February, 2016

Black History Month – Positive Advertising and Marketing Campaigns

2016 is the 40th year of Black History Month, which was thought up by PH.D. recipient Carter G. Woodson in 1926. While black history should be celebrated and embraced every month, the observance of Black History Month has served as a way to encourage an open dialogue of African American achievements in a European-history-centered United States. 

Image from Allstate's announcement of their new campaign

From Allstate’s new campaign announcement.

African Americans have grown more influential throughout time. According to a report from the University of Georgia’s Selig Center for Economic Growth, black buying power is projected to reach $1.4 trillion by 2020. That’s a 275-percent growth since 1990, when black buying power was $320 billion.

According to Nielsen, 62 percent of African Americans believe that embracing their culture is important. Any company or organization that tries to build a connection with or serve African Americans should embrace that as well.

Here are some recent positive campaigns that have engaged and spotlighted the African American community:

Allstate Insurance: Allstate introduced its national digital, social media and radio campaign, “Worth Telling,” in honor of Black History Month. The campaign, which kicked off on February 1, 2016, is highlighting and spotlighting the accomplishments of ten African Americans who are working to pave the way for others in the fields of art, education, health, agriculture, science, music and entrepreneurship. “This campaign celebrates the important contributions of African-Americans across a broad spectrum of disciplines who are making a positive impact on society and inspiring others,” said Georgina Flores, Vice President of Marketing for Allstate.

Empire: In 2015 when Empire aired, Fox decided to make marketing and advertising funding efforts for the show a priority, which paid off immensely. According to Adweek, African Americans make up 61 percent of the show’s audience. The team decided that this “hip-hop soap opera” was best marketed to diverse audiences in very different ways. Understanding their audiences and the qualities the show had to offer, Fox played up the family drama and music aspects to target the African-American and LGBT communities, along with the fashion world. It was a layered campaign that included print, radio, online, cable, broadcast, and partners like Fox Sports and FX.

Dove: Dove launched its body-positive “Love Your Curls” campaign in early 2015 The ad opens with a statistic that states: “Only 4 out of 10 curly haired girls think their hair is beautiful.” Although the ad targeted girls and women of various races, the ad contributes to the conversation about natural hair vs. relaxed hair in the black community. The ad has received negative feedback that Dove is a beauty company that prioritizes sales, but the presence of the normalization and embracing of the beauty of curly hair on television is a welcome change.

Marketing to and communicating with diverse communities is important to ensure every group is included and their values are celebrated. Kudos to these campaigns and the many others that do just that!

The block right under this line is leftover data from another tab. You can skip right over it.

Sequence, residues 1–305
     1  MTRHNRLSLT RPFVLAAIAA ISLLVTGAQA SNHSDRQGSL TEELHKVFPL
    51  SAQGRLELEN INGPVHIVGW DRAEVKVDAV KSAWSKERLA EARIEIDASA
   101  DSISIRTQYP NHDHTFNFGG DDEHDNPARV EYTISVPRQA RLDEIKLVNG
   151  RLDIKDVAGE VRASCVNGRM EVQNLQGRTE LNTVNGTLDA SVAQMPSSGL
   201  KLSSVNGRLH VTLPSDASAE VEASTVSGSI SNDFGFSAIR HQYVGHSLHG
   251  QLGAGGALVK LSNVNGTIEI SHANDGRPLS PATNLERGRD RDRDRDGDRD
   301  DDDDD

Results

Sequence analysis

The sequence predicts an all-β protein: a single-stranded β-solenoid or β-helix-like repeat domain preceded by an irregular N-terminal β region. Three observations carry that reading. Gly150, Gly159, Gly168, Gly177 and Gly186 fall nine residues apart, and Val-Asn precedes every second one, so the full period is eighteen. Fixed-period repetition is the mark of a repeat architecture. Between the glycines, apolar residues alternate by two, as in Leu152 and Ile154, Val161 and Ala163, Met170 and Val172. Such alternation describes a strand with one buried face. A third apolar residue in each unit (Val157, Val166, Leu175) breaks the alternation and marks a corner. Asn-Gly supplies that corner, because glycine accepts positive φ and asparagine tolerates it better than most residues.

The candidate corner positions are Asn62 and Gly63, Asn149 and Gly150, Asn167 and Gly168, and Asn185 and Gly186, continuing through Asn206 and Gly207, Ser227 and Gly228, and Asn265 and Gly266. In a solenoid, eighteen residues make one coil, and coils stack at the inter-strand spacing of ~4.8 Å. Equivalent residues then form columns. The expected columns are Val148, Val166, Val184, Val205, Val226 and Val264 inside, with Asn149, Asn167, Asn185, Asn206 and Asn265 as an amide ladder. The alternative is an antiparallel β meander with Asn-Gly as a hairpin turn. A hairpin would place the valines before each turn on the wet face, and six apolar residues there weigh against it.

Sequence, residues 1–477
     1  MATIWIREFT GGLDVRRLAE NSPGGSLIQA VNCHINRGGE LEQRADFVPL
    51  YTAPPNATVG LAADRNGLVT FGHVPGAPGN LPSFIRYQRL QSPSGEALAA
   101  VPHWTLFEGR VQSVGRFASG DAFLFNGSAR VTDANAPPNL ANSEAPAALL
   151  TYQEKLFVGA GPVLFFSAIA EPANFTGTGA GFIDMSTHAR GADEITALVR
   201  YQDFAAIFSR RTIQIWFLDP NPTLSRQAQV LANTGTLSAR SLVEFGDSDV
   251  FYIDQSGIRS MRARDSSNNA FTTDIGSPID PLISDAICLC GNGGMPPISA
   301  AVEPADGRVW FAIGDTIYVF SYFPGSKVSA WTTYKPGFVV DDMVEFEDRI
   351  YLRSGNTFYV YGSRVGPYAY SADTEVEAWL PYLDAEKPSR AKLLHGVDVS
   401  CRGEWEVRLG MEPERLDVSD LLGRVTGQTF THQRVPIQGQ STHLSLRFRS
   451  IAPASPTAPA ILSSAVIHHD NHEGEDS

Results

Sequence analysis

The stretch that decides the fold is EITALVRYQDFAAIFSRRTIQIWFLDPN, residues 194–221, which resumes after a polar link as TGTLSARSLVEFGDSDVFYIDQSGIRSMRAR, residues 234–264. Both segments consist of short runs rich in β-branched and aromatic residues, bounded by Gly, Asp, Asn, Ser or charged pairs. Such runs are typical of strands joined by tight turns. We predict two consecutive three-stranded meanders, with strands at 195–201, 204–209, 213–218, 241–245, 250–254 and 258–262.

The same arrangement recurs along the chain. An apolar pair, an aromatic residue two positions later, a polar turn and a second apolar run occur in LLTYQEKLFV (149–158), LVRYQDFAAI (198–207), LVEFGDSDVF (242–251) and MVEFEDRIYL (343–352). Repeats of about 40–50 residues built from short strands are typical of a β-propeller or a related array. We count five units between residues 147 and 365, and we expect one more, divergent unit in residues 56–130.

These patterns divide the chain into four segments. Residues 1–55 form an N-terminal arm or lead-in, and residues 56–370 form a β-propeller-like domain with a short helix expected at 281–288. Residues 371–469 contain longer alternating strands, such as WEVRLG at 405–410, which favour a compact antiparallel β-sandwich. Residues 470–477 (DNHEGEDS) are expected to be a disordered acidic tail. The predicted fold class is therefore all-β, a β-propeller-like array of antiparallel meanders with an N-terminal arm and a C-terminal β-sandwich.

Video Marketing Rises in Popularity

Video-Marketing1Online content is getting shorter as attention spans decrease. Videos now serve as bite-sized content that keeps viewers interested.

According to an article by The Guardian, video is the best way to engage with consumers and to increase awareness of your brand.

Video will account for 69% of all online consumer traffic by 2017, according to Cisco. YouTube already receives more than 1 billion viewers per month, which is more than any other channel except Facebook. It is becoming a great tool for marketing, as its influence grows and becomes a factor in how consumers view a company. A study showed that seven out of ten people viewed a company more positively after viewing its interesting online content.

Video is an excellent choice for keeping consumers engaged because it holds one’s attention span longer than a still photo. Video content is also a very affordable method for small businesses and start-up businesses, as production costs are decreasing. It’s also increasingly easier to create content using apps, such as Vine and more. This means it could be a smart investment for your company. Nielsen says that 64% of marketers are going to be increasing their video budget and investment. Currently, about half of the market in the UK are using video to connect with their consumers, with this number expecting to increase dramatically.

Here are some tips to using video marketing successfully:

  • Think of your audience. Make your video relevant to them. If it doesn’t make sense to use video for your audience, don’t. Don’t waste time or resources.
  • Do not ignore social media. A large percentage of sharing and viewing happens from mobile phones – maximize that sharing and viewing potential by posting videos to social media.
  • Finally, be creative with the videos you make. Don’t be afraid to step outside of the box and be interesting.

If you have any questions about video marketing, please contact us at info@lavozmarketing.com